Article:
(COLUMBUS, Ohio) — All 88 county sheriffs have been provided new cameras to improve the routine registration process of convicted sexual offenders, Ohio Attorney General Dave Yost announced today.
“Ohio’s sex offender registration system plays a critical role in holding convicted offenders accountable, and in the hands our county sheriffs, these tools ensure that photographs are clear and uniform across the state,” Yost said. “Our job is to support local law enforcement, and that’s exactly what we’re doing with this grant.”
In 59 counties, sheriff’s offices that requested new computers also will be receiving new machines to process registrations of sex offenders. The hardware is backed by new software improvements and customization capabilities made to the Sex Offender Registry Notification (SORN) system, which law enforcement accesses through the AG’s Bureau of Criminal Investigation.
In many cases, the current equipment used for registrations is outdated; new equipment creates uniformity across the state and increases the clarity of offender photographs, improving public safety.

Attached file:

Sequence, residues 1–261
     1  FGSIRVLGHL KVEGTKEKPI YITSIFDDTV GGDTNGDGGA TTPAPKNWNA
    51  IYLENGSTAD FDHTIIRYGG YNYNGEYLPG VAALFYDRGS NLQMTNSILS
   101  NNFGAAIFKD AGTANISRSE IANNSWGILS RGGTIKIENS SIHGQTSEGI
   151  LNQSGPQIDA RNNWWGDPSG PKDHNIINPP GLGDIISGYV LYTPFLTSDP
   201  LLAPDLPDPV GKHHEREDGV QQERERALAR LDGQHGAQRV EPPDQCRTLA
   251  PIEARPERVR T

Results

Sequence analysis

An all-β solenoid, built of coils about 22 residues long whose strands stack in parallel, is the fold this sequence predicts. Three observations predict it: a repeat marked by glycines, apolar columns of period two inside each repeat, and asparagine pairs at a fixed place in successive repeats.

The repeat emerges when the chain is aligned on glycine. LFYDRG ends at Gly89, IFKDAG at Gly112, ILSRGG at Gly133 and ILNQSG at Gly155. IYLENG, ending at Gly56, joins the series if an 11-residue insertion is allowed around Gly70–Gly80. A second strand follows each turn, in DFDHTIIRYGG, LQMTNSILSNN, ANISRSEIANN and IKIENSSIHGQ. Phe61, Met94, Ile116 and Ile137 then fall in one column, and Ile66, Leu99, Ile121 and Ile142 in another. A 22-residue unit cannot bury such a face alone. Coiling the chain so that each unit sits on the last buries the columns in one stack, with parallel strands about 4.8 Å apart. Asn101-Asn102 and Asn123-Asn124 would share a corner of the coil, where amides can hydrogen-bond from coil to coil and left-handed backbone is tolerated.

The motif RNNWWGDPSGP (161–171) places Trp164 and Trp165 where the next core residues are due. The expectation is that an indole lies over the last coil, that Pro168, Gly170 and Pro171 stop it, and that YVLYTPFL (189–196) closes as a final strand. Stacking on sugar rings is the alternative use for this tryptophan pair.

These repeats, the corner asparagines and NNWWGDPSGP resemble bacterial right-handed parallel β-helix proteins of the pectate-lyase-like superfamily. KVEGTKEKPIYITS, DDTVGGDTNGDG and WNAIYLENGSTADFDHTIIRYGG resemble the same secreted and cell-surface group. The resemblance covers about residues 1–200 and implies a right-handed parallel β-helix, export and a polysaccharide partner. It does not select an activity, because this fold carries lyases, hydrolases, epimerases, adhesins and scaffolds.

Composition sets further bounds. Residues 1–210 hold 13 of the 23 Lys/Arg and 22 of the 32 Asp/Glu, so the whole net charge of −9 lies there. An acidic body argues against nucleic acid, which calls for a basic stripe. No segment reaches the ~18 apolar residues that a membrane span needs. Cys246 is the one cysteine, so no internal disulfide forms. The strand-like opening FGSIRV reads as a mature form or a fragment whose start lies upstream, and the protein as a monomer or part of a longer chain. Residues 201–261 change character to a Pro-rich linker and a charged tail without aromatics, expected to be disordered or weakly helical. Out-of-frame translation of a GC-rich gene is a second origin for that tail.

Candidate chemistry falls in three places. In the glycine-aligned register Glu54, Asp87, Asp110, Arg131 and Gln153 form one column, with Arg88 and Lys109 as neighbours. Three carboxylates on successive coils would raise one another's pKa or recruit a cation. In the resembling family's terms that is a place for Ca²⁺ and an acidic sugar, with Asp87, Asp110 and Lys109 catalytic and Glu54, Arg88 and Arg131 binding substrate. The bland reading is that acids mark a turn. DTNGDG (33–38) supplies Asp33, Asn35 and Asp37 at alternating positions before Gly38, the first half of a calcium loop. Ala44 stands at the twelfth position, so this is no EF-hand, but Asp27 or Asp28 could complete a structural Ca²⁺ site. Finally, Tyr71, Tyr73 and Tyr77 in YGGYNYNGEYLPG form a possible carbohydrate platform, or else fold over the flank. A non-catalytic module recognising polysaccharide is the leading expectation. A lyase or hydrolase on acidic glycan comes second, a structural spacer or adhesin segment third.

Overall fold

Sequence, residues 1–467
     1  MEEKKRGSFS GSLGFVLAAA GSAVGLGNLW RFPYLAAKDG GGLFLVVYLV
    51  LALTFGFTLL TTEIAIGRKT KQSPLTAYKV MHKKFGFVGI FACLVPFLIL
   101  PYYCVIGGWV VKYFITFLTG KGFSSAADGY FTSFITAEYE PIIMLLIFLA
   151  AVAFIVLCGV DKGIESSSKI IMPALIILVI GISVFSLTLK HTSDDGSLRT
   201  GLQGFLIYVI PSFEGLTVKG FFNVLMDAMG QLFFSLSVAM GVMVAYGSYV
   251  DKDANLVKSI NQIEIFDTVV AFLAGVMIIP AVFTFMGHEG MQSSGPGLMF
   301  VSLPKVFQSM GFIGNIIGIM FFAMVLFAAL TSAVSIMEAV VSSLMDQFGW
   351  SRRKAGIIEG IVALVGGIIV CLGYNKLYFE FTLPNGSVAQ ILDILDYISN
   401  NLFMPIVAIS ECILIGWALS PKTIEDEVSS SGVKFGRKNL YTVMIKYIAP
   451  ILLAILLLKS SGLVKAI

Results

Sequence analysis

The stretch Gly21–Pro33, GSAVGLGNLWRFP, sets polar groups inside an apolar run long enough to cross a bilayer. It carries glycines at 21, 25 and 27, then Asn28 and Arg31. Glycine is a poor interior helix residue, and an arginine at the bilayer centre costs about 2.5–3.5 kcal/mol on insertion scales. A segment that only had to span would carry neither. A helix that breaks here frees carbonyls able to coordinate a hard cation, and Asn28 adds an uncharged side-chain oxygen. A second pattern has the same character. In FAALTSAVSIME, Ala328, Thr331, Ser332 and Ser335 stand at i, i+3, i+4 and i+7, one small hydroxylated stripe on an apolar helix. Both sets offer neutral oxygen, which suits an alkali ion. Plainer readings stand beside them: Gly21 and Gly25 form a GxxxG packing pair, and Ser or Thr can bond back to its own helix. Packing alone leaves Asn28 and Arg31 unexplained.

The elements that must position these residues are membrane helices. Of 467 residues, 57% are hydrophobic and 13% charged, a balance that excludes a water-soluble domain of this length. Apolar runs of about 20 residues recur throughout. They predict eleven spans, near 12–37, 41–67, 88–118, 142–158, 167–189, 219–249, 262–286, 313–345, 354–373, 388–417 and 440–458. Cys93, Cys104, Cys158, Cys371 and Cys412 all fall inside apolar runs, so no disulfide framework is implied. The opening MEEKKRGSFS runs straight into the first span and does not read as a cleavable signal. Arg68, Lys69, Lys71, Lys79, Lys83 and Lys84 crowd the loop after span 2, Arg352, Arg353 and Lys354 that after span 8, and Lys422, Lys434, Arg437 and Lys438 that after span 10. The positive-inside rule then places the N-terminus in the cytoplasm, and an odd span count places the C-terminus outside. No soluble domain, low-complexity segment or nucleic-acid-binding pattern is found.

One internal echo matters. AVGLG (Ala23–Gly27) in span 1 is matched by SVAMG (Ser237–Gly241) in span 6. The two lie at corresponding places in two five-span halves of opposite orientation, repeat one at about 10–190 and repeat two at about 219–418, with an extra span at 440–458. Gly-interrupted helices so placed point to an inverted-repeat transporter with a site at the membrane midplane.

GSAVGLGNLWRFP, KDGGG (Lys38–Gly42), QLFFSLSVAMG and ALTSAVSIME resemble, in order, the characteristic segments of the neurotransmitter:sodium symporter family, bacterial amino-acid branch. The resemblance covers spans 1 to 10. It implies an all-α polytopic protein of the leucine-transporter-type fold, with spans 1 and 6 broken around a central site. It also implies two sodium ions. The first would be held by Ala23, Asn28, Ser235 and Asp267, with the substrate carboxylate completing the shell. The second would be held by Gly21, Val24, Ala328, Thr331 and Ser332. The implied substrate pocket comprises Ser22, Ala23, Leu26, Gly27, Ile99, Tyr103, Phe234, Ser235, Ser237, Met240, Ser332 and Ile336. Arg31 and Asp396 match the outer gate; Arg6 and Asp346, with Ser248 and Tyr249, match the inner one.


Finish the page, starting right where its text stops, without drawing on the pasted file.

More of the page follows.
In total, $384,283 in upgrades have been made to the registration system. The money came from a grant provided by the Office of Sex Offender Sentencing, Monitoring, Apprehending, Registering and Tracking (SMART), part of the U.S. Department of Justice.
County sheriffs are responsible for documenting sexual offenders, including photographing them. Convicted sex offenders are required to register their home, school and work addresses, report changes in addresses, and periodically verify addresses with the sheriff in their respective county.
“The Sheriffs of Ohio are very appreciative of the efforts of Attorney General Yost to provide funding for the state-of-the-art technology which will allow the Sheriffs to be more efficient in their job duties,” said Robert Cornwell, Executive Director of the Buckeye State Sheriffs’ Association (BSSA).
To search for sex offenders in your area, or by name, please visit the attorney general’s webpage.
Ohio has required sex offenders to register since 1963 and was the first state in the nation to fully implement modern sex offender registration and notification laws under the Adam Walsh Child Protection and Safety Act of 2006.
Hear more from the attorney general:
Hear from Ohio sheriffs:
Madison County Sheriff John Swaney, chairman of BSSA’s Offender Notification Committee
“Registration in the state of Ohio is important so people are aware of the dangers within their community.”
Butler County Sheriff Richard Jones